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Old 08-04-2010, 06:05 PM
 
Location: Downtown Detroit
1,497 posts, read 3,312,474 times
Reputation: 926

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Now that the list is narrowed to two, who will be the Governor most supportive of Detroit's continued growth and development?

Rick Snyder? -or- Virg Bernero?

Here's what Snyder(R) says:

Restore Cities and Control Urban Sprawl
In order for Michigan to truly reinvent itself, its cities and communities must become more vibrant. Rick will work to improve the state's city centers and create attractive living and working environments for its citizens. Rick believes infrastructure and transportation funding must be prioritized and also supports the establishment of a proper mass transit backbone in the state.

Central Cities | Rick Snyder for Michigan Governor 2010 (http://www.rickformichigan.com/vision-plan/policy-central/central-cities - broken link)

Here's what Bernero(D) says:

Overall economic health of urban centers and the surrounding areas is largely dependent upon sound, progressive and innovative urban policy. The social vitality of Michigan’s urban communities is directly linked to the prosperity of its larger cities and urban cores. Vibrant cities that address the issues of poverty alleviation, education, business, and infrastructure will generate economic growth and cultural enrichment. Cities can accomplish this by uniting with local businesses, universities, and other cultural, faith-based, and nonprofit institutions.

Virg Bernero Democrat for Governor | Issues | Economy


My take is... I don't know. Both candidates seem to have urban development and transit at the top of their agendas and generally have city-centric philosophies. Both Snyder and Bernero seem to support inward growth and the control of suburban sprawl. All good things for Detroit.

What do you think?

[Note: Off-topic political ramblings, personal attacks, and all issues not directly related to Detroit belong in another thread or forum.]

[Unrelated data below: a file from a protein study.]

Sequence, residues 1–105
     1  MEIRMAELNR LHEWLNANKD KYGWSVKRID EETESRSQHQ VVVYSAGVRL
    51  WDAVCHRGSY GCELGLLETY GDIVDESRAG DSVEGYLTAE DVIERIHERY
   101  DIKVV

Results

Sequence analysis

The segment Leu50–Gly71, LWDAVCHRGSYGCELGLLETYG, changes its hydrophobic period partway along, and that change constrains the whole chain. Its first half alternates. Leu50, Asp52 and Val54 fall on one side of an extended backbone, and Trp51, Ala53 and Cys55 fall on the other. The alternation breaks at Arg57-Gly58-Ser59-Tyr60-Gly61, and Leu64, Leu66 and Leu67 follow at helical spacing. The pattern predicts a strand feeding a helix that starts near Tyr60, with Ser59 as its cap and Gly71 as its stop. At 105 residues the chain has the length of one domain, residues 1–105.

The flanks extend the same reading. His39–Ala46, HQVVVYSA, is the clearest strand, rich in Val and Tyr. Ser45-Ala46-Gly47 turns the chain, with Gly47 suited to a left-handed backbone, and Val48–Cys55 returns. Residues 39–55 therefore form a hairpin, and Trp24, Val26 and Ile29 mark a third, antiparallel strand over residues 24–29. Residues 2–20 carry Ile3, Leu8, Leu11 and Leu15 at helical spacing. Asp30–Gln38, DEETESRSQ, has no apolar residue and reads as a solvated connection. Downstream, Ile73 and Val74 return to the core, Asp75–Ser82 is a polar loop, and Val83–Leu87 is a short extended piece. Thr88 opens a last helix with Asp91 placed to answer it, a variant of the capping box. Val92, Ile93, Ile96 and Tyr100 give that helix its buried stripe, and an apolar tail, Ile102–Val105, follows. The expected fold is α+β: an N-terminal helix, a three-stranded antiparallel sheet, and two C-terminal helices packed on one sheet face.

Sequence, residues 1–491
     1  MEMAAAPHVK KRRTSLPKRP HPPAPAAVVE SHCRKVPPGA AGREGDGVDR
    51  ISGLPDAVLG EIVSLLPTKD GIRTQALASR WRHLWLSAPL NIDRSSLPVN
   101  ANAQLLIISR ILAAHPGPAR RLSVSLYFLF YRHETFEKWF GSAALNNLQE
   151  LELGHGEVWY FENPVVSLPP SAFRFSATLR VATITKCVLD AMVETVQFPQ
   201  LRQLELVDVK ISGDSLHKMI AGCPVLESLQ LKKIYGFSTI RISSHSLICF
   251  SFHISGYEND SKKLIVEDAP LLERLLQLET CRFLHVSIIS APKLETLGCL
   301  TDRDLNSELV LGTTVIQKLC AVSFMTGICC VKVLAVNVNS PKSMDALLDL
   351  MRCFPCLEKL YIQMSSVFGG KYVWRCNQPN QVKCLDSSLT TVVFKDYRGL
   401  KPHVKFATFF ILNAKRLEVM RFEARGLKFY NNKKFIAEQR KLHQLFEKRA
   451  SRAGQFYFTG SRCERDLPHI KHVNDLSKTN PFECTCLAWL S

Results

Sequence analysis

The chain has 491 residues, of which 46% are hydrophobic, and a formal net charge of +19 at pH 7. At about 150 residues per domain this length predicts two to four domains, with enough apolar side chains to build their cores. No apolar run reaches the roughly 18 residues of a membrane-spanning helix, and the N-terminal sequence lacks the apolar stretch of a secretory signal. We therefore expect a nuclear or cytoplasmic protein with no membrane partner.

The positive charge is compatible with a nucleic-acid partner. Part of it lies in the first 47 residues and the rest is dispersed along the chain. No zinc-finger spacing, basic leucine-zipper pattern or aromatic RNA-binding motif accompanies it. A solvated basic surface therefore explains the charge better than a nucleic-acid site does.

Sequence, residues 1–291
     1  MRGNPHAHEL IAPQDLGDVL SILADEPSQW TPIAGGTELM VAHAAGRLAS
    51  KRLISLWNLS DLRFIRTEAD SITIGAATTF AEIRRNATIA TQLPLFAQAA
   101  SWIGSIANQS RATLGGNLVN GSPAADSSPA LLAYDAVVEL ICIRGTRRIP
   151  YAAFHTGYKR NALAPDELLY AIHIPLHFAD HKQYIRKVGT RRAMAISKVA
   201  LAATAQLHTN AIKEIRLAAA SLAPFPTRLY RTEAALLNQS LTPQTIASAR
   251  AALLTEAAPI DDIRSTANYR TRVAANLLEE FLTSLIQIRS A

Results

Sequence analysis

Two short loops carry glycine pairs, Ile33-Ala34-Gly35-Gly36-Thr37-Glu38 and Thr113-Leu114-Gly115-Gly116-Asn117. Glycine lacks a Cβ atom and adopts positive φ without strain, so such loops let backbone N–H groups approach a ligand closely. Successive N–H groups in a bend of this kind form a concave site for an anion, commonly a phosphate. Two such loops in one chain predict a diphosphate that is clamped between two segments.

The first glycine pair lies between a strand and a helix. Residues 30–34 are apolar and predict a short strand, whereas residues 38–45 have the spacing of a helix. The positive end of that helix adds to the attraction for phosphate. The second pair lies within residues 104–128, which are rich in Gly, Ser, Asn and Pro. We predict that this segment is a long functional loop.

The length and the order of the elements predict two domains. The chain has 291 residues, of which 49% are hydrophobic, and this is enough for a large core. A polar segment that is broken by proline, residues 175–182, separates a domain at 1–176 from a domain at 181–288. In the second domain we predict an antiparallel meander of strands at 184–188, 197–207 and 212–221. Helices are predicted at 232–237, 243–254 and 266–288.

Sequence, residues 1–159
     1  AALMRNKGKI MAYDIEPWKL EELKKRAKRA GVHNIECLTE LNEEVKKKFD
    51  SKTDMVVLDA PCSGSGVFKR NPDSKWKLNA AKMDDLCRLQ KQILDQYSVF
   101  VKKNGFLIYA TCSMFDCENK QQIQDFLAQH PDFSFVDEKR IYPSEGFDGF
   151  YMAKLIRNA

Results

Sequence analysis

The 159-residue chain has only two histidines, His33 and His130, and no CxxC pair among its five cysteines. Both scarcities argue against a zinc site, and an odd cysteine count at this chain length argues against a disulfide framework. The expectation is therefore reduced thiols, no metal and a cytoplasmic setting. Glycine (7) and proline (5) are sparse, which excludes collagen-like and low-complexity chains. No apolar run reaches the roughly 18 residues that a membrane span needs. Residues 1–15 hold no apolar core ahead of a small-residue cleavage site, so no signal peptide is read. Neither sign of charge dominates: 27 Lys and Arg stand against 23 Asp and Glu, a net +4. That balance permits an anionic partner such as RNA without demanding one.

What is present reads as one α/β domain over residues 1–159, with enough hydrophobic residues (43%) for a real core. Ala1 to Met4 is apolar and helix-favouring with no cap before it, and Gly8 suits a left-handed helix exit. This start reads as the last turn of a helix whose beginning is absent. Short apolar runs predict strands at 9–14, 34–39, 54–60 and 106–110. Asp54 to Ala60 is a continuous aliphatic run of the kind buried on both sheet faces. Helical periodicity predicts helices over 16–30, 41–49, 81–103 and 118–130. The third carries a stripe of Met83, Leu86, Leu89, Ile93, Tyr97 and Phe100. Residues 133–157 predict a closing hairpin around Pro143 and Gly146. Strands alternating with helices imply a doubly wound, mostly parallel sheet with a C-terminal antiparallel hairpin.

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Old 08-04-2010, 06:31 PM
 
Location: On City-Data
17,341 posts, read 15,658,560 times
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I don't know either, but quite honestly, I don't believe either will be able to do much better a job than the other. The state doesn't have any extra money lying around and the cities will all have to fend for themselves, as they've had to more and more in recent years.

But from just reading the statements that you posted, I noticed that Snyder actually said he, himself, would help to improve the cities, where Bernero never actually mentions what he will do, just that strong cities are important (no duh!). But I wouldn't actually expect either to uphold their "promises" anyway. (And Snyder can probably afford to hire a better PR guy. )

And I haven't heard of where either candidate has mentioned that they will stop sprawl. Are you just inferring that, or did they actually say that?
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Old 08-04-2010, 07:31 PM
 
Location: Downtown Detroit
1,497 posts, read 3,312,474 times
Reputation: 926
Quote:
Originally Posted by Retroit View Post
I don't know either, but quite honestly, I don't believe either will be able to do much better a job than the other. The state doesn't have any extra money lying around and the cities will all have to fend for themselves, as they've had to more and more in recent years.